Students Who Speak a Language Other Than English

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Shaniva Johnson
Grand Canyon University
It’s all about the Law
Students who speak a language other than English at home and who are not proficient in English are known as English learners (ELs). These students constitute nearly one-third of California’s elementary school students and one-quarter of all K–12 students. As might be expected, these students’ incomplete mastery of English adversely affects their academic performance. Given that proficiency in English is vital to success not only in academic subjects but also, later, in the workforce, both state policy and federal policy consider English proficiency a major goal for EL students. The federal government’s No Child Left Behind (NCLB) Act of 2001 establishes guidelines for improving both the number of students reaching fluency in English and the number of students making gains on a test of English proficiency. Despite the policy importance of this issue, we know little about EL students and what aids or hinders their advancement toward English proficiency.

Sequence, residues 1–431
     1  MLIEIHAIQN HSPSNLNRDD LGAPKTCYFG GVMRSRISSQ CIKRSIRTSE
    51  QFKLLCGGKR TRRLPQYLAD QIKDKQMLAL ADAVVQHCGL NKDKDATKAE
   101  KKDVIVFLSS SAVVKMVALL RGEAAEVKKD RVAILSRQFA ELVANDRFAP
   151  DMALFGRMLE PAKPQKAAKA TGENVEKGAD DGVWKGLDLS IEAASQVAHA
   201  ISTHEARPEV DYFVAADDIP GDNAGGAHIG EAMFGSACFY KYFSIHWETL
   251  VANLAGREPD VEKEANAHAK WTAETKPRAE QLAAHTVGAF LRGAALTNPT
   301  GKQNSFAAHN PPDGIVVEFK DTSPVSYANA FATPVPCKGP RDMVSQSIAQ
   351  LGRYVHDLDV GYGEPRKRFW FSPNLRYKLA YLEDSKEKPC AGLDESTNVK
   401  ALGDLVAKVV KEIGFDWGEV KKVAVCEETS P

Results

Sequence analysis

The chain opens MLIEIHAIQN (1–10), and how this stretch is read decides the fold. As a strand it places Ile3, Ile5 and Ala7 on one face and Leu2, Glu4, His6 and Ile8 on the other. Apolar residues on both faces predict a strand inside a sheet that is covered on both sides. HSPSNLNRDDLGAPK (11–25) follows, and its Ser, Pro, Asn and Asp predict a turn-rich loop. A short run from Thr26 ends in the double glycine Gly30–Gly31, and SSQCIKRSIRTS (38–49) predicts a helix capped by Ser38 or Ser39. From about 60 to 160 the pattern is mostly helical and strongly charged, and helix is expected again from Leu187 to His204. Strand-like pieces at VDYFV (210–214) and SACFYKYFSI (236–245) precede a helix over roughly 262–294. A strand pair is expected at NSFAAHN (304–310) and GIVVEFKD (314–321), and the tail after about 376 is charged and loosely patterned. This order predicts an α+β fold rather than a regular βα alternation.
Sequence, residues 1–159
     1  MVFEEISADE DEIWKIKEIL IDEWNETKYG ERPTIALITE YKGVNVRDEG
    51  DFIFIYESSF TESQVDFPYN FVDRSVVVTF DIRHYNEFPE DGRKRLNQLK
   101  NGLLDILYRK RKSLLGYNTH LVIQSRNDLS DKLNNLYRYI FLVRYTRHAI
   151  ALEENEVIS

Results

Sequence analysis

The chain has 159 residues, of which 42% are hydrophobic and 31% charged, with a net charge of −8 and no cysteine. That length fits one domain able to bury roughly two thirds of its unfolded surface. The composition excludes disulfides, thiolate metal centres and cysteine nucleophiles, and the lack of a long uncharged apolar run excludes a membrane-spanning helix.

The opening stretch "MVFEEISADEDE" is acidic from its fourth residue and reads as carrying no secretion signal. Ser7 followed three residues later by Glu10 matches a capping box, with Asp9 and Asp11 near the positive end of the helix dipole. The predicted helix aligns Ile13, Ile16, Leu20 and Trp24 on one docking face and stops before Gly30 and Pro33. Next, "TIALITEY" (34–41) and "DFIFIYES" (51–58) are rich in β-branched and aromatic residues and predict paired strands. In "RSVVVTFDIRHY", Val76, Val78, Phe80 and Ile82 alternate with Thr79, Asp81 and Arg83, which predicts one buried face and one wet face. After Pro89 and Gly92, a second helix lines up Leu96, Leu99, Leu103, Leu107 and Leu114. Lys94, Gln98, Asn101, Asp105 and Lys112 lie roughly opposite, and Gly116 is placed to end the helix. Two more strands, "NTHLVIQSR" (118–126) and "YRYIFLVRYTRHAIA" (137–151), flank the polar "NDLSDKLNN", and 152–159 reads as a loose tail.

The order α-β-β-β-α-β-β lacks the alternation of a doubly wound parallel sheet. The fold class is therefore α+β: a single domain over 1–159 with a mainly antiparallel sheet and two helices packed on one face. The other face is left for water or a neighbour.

Any study of English proficiency requires an understanding of the major state and federal policies affecting EL students. The most controversial policy affecting EL students is Proposition 227, enacted in 1998, which limits access to bilingual education by requiring that EL students be taught “overwhelmingly” in English. Equally important to the education of EL students is the federal NCLB Act. In addition to its English proficiency goals, NCLB requires improvements in academic achievement for EL students, with performance targets equal to those set for all students.

English proficiency is important for the success of EL students. Testing is becoming increasingly significant under the federal No Child Left Behind (NCLB) Act, and each school’s EL population must demonstrate improvements and success in both English proficiency and academic achievement. Academic achievement tests are given in English,2 and without...
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